Chancellor Angela Merkel pushed back on Friday against renewed criticism of Germany’s trade surplus from U.S. President Donald Trump, who told EU officials Germany was “very bad” on trade and suggested it was selling too many cars in the United States. Merkel told reporters she had explained to Trump during a G7 summit in Sicily that the surplus was due in part to factors out of Germany’s control and had also highlighted the extent of job-creating German direct investment in the United States. The two agreed to set up a working group that will exchange information on bilateral economic ties, a step German officials said was designed to forestall any punitive measures from Washington based on an incomplete picture of the relationship.
The exchange between the leaders came after German media reported on Friday that Trump had sharply criticised Germany in a private meeting on Thursday with European Commission President Jean-Claude Juncker and European Council President Donald Tusk. Spiegel reported that Trump had told Juncker and Tusk: “Look at the millions of cars that they are selling in the United States. It’s horrible. We’ll stop it.” White House economic adviser Gary Cohn confirmed some details from the reports, but played them down. “He said they’re very bad on trade, but he doesn’t have a problem with Germany,” Cohn told reporters in the resort town of Taormina.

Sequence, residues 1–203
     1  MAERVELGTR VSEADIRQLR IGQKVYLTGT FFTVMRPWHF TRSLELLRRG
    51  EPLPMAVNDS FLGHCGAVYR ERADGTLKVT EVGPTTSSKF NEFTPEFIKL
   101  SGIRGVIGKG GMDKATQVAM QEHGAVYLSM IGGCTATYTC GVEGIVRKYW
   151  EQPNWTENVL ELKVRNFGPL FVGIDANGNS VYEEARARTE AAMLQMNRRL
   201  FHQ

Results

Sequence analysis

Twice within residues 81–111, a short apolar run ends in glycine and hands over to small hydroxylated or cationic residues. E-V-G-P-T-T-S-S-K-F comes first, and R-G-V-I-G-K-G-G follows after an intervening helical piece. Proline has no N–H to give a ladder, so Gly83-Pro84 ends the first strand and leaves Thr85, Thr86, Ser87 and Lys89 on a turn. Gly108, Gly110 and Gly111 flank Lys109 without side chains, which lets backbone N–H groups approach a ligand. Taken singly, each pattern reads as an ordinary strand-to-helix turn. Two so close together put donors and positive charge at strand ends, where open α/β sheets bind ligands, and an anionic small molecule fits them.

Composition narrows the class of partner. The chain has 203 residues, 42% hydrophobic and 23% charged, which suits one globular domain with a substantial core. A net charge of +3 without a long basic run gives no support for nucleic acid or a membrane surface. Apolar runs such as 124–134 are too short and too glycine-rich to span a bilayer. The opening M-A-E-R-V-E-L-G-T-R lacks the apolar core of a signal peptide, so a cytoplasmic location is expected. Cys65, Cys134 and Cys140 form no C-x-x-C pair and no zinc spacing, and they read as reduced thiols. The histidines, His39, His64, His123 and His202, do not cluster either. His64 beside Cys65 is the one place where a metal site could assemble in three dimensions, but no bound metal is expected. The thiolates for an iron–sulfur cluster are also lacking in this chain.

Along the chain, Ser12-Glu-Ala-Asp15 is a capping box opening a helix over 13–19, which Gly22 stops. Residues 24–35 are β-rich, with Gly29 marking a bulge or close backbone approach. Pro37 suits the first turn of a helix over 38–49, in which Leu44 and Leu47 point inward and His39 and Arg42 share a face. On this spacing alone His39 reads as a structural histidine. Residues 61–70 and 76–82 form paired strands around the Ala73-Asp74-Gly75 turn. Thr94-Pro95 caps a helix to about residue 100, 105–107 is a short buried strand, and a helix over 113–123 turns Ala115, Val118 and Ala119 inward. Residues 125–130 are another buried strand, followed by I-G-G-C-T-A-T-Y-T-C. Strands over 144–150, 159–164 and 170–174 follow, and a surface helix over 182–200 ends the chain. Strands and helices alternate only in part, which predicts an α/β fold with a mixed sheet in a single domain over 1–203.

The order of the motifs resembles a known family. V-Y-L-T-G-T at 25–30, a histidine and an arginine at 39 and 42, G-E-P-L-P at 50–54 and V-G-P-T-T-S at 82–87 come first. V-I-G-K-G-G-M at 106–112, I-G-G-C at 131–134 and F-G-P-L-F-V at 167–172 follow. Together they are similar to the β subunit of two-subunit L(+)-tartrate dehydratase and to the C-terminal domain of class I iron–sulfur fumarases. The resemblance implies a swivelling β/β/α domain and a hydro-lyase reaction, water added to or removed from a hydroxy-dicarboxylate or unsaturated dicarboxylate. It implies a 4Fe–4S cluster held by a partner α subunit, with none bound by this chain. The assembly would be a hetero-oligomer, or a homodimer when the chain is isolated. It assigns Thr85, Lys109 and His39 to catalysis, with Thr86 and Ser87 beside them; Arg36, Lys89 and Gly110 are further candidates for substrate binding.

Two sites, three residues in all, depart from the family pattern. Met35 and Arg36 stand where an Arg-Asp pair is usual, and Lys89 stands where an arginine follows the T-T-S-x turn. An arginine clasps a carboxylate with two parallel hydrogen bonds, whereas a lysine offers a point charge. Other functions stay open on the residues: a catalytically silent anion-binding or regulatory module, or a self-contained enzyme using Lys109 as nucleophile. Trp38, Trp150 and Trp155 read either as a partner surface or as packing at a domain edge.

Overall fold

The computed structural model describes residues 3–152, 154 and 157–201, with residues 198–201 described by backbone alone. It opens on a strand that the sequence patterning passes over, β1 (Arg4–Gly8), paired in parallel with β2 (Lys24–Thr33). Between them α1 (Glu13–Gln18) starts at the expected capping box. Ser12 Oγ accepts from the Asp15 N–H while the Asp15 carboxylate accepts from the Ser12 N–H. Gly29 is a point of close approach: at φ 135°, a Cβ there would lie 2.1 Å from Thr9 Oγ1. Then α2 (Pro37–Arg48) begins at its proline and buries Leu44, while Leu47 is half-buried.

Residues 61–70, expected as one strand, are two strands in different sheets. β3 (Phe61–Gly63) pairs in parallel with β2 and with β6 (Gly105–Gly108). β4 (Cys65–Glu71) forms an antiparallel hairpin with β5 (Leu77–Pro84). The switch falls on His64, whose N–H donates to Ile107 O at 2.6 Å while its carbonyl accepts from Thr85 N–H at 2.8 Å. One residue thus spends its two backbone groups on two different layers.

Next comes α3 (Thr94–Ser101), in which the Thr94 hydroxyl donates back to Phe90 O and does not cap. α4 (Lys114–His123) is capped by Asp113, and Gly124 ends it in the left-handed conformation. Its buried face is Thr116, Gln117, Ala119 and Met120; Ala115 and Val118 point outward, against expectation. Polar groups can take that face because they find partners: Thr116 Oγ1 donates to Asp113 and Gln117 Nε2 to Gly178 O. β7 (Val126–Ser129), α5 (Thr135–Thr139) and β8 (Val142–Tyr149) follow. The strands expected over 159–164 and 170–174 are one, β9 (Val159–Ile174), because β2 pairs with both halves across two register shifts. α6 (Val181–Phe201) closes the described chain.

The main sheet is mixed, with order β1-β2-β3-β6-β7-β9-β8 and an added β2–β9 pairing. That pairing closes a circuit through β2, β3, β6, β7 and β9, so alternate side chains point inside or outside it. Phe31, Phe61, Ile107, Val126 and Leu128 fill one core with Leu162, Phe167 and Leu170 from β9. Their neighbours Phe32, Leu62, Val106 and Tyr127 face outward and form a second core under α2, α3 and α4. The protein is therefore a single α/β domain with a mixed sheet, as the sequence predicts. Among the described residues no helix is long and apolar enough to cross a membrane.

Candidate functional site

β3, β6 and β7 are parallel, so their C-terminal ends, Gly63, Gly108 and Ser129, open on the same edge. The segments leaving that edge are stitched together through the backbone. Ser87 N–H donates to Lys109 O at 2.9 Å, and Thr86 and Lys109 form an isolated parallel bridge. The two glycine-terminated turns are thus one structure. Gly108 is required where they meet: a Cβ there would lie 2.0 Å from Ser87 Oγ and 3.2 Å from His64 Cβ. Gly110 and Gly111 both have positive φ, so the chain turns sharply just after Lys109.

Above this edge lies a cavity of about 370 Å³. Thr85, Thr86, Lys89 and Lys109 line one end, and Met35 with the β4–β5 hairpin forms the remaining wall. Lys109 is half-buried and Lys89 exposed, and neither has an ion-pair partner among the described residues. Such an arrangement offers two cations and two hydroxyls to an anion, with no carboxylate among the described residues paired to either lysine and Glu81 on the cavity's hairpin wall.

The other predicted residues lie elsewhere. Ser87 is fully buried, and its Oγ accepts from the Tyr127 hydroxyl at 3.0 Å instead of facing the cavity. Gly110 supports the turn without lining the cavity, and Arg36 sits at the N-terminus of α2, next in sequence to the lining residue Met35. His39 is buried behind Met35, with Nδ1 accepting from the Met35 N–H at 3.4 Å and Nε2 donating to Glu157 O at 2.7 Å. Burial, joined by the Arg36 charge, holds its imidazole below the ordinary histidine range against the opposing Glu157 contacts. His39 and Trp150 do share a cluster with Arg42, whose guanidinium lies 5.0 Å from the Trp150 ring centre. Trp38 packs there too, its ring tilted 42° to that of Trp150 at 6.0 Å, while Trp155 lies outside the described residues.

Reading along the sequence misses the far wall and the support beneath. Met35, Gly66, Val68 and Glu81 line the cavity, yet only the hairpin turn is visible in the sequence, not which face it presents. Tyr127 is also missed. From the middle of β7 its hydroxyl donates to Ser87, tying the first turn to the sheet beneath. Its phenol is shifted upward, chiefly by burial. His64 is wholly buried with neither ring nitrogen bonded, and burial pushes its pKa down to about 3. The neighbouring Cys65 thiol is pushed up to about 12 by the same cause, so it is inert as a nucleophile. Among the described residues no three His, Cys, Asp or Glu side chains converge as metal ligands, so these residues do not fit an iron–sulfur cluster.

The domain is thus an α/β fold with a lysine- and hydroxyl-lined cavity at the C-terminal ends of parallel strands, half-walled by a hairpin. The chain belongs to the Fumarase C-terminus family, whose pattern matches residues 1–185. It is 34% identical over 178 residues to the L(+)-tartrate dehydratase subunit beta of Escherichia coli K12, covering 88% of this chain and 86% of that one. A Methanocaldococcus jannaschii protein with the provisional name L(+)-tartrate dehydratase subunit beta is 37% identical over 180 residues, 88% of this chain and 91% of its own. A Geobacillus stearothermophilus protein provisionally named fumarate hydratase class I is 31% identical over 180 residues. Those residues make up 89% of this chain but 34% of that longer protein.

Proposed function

Cohn said Trump had pointed out during the meeting with Juncker and Tusk that his father had German roots in order to underscore the message that he had nothing against the German people. Trump’s spokesman Sean Spicer said Trump had “tremendous respect” for Germany and had only complained about unfair trade practices in the meeting.
Earlier, Juncker called the reports “exaggerated”. “The record has to be set straight,” Juncker said. “It’s not true that the president took an aggressive approach when it came to the German trade surplus.” But the persistent focus on Germany’s surplus has unsettled Merkel’s government. Peter Navarro, a Trump trade adviser, has repeatedly criticised Germany and suggested it is deliberately pushing down the value of the euro, an argument the Germans reject, noting that the currency’s strength is largely determined by policies of the independent European Central Bank. The German trade surplus, which reached a record 253 billion euros ($283 billion) in 2016, has also been a source of contention within Europe, with Berlin’s partners encouraging it to do more to promote domestic demand.
The United States had a $64.9 billion trade deficit with Germany in 2016, according to U.S. government data, down from a $74.8 billion deficit the year before.
Trump’s attack on German automakers has raised eyebrows, in part because firms like BMW, Daimler and Volkswagen – like their Japanese and Korean rivals – build many of their cars in the United States. Together, the three big German automakers employ tens of thousands of people at U.S. factories and dealerships, and operate large vehicle assembly factories in several states that voted for Trump in the 2016 election, including South Carolina, Alabama and Tennessee. U.S. consumers bought about 846,000 German-made cars and light trucks assembled in 2016, according to data compiled by Autodata, which tracks vehicle sales. That represented about 4.8 percent of total U.S. vehicle sales last year.